Dredging banned on river

by Chris Griffith
Published 27 Oct 1996 in The Sunday Mail


my face


T he days of Brisbane's mighty meandering river as a muddy murky mire will end with the death of dredging next September, following an historic agreement forged on Friday.

The agreement - at a meeting which included two State Government ministers and three mayors, set September 30 as the deadline for dredging operators to cease all sand and gravel extraction from the river.

They are giants Pioneer Concrete (Qld) Pty Ltd, Boral Resources (Qld) Pty Ltd, and the much smaller Arnold Johnson Marine Services.

Pioneer already has announced it will end river dredging by March next year. However Boral wishes to continue. The intention of Arnold Johnson is unknown.

The historic agreement, forged at a four-hour Brisbane River Management Group meeting on Friday morning, followed a motion moved by Brisbane mayor Cr Jim Soorley.

Present were Cr Soorley, Group chairman Environment Minister Brian Littleproud, Natural Resources Minister Howard Hobbs, Ipswich Mayor John Nugent, Laidley Shire Major Graham Moon, Queensland Chamber of Industry and Commerce representative Robin Town, and the Queensland Conservation Council's Imogen Zethoven.

The agreement means that by September 30 next year, Boral will have to produced a report which shows that no alternative supplies of sand and gravel are available to it, and a full Environmental Impact Statement for any river dredging activities it wants to continue.

But it is believed unlikely that Boral will gain any extension beyond September 30, as Pioneer has found an alternative source for its sand and gravel needs.

Yesterday Cr Soorley hailed the decision as "a significant victory for Queensland". He said that for 100 years, the Brisbane River had been "treated as a sewer and a mine".

"No other capital cities in the world allow ugly dredges into the heart of their city to mine their river.

"It has been a hard and long battle to convince the State, who licence dredging, that these operations should cease.

"I am pleased that we were able to convince them that cleaning up the river requires hard decisions. The first has been taken."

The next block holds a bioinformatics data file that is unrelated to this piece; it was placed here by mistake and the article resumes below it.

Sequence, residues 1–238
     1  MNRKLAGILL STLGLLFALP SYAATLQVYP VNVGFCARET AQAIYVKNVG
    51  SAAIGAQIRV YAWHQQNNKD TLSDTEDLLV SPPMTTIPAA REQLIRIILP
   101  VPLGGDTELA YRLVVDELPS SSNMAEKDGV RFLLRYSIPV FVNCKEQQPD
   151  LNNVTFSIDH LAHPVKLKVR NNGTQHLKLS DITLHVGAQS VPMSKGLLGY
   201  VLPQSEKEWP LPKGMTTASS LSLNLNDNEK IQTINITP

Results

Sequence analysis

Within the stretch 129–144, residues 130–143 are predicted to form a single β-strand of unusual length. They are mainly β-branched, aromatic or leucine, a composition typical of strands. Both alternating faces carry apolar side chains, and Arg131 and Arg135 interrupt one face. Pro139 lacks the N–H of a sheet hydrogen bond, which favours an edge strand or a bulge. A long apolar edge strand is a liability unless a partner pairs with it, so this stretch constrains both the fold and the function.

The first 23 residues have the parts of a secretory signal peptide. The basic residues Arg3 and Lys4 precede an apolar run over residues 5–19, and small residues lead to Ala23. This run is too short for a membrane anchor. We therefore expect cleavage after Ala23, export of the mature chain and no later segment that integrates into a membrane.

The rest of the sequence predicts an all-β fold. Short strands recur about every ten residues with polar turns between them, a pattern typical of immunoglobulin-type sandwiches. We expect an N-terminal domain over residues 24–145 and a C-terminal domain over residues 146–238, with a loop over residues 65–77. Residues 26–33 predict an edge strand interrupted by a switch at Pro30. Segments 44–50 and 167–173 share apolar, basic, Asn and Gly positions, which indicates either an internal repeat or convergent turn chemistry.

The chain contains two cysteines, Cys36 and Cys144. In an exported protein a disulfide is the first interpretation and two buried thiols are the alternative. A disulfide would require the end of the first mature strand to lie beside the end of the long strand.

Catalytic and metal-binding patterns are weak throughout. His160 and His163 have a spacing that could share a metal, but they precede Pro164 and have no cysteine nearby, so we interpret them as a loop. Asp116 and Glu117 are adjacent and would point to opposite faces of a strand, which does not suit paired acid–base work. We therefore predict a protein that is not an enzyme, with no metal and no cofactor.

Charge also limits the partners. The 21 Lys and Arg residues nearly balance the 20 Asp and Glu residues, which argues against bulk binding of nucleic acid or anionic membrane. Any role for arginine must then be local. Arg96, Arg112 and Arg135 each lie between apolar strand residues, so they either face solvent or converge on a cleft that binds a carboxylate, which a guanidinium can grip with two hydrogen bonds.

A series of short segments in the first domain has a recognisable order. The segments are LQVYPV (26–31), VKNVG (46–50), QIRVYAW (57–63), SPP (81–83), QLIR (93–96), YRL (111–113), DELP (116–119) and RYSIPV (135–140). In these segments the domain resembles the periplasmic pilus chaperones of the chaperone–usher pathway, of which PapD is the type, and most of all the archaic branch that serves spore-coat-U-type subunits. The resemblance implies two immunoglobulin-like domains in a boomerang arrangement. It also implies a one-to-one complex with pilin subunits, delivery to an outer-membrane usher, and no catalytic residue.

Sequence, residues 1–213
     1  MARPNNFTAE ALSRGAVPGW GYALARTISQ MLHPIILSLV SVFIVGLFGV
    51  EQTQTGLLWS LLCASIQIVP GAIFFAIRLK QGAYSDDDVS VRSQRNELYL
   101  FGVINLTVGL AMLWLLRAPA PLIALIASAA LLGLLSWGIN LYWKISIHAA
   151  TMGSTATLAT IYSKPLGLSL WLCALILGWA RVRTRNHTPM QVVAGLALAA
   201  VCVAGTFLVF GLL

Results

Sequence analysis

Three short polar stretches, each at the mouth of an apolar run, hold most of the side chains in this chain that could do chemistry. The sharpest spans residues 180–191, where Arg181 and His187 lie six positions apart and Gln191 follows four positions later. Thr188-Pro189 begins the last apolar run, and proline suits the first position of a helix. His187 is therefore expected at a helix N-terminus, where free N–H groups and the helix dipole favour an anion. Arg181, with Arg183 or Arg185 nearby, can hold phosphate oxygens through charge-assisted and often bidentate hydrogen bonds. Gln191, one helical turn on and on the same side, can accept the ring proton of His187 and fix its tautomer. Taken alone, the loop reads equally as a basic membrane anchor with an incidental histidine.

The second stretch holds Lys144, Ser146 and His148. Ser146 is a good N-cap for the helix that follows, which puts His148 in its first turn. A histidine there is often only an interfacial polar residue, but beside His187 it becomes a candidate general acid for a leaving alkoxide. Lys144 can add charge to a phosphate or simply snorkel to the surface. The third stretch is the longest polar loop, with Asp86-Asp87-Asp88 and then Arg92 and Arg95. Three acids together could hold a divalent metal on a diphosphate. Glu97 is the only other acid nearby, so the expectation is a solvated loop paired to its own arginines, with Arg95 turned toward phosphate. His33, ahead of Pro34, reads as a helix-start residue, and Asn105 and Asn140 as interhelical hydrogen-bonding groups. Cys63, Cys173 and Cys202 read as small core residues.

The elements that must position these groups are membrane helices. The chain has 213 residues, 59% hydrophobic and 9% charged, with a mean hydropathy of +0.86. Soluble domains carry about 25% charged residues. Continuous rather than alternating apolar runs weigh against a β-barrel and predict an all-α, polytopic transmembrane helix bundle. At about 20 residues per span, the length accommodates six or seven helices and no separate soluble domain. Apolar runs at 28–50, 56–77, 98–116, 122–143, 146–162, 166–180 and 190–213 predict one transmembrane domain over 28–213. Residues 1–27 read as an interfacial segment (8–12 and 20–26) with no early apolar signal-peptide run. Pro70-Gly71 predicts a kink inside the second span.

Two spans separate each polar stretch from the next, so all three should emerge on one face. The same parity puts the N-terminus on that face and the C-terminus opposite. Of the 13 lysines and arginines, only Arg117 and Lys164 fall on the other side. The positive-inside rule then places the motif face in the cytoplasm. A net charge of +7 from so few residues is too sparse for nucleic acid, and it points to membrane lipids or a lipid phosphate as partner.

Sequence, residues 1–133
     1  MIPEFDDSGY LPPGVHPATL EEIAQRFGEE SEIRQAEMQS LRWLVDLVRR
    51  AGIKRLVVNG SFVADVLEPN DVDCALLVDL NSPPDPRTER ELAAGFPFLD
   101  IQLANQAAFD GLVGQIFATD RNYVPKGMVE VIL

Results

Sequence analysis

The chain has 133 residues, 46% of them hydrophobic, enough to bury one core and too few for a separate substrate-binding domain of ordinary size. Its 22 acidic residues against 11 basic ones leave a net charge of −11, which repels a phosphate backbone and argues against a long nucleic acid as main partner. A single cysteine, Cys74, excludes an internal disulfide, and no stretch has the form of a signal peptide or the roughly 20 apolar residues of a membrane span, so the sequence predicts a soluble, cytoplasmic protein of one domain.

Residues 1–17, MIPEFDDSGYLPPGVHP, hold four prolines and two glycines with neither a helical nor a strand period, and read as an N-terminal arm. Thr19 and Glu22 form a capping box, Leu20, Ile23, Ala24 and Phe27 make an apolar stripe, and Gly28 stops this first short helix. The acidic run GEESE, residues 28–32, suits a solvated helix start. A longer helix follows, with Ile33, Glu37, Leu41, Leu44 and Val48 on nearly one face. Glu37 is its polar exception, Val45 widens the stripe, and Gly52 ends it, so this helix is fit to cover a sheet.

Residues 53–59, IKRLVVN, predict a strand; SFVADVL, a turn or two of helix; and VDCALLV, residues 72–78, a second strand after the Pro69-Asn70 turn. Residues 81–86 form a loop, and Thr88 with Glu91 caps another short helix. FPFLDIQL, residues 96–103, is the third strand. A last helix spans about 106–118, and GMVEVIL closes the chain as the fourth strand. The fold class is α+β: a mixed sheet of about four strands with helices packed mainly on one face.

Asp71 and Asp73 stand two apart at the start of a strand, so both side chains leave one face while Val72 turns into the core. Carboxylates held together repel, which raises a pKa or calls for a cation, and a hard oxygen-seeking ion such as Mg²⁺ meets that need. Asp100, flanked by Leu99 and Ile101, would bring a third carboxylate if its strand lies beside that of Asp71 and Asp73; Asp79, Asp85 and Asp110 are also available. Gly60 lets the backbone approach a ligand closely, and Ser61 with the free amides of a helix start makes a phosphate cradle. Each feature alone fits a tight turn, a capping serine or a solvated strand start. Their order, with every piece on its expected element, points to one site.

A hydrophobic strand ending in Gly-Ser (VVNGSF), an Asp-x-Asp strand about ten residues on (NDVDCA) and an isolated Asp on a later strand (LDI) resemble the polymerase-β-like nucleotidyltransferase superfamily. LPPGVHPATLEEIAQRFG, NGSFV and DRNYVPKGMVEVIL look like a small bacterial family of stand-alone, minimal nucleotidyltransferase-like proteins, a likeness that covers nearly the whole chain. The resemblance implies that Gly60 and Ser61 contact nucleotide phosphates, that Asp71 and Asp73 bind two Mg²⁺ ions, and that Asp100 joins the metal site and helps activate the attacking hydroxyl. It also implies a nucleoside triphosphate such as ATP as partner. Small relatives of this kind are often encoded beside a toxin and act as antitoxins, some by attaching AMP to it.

Environment Minister Brian Littleproud said the decision was "very significant" and "a breakthrough", especially as the Brisbane River was governed by 28 pieces of legislation and, at one stage, 37 government authorities.

"The government has negotiated a major achievement in an area the previous government had neglected.

"They were all talk and no action when it came to the Brisbane River."

And Ms Zethoven said the agreement was "a major breakthrough for the rehabilitation of the river".

"Clearly dredging is way out of line with community attitudes."

But Mr Town, a committee member who also works for Boral, said the decision would lead to a huge alternative extractive sand industry in the Esk region, where over 200 truck-loads of sand were removed daily.

"Sixty percent of all sand for the south-east Queensland construction industry currently comes from the Brisbane River."

He said Boral would prepare an Environment Impact Statement and was planning to continue its river dredging operation.

"But we're happy to phase out dredging particularly sensitive areas, for example the CBD.

"We believe we can work with this decision. But we believe that a carefully planned phase-out is essential."

Since white settlement some 170 years ago, the Brisbane River has been subject to dumping, dredging, discharge, and damning.

Sand and gravel extraction began early this century, and by the mid 1980s over 26 million cubic metres of sand and gravel had been mined.

And the rewards for government were handsome - over $1 million in state government royalties annually in the late 1980s.

But there also has been an environmental downside. The erosion of riverbanks, and the deepening of the river has led to the conversion of what was once a short saltwater estuary to a tidal estuary over 60 km long, and salt-water mangroves once confined to Hamilton Reach have appeared as far upstream as Goodna.

Yesterday Cr Soorley moved to allay a long-held concern that an end to dredging would lead to algae blooms - because of the increased sunlight reacting with the high levels of sewerage nutrients in the river.

"Over the last five years, we have spent an extra $40 million upgrading sewerage, and all Brisbane sewerage treatment plants are at a secondary stage.

"But if the death of dredging means we now have another problem, so be it. That issue will then have to be solved."

He said Friday's agreement allowed for some dredging to continue, but only navigational dredging, and extractive dredging at the mouth of the river.

He said the public should not expect the river to appear less muddy overnight, "but over time I think the river will certainly clear up."

He said the end of cheap river sand would only slightly affect housing construction costs. A State Government analysis showed that the cost of a house might rise, but by no more than $105.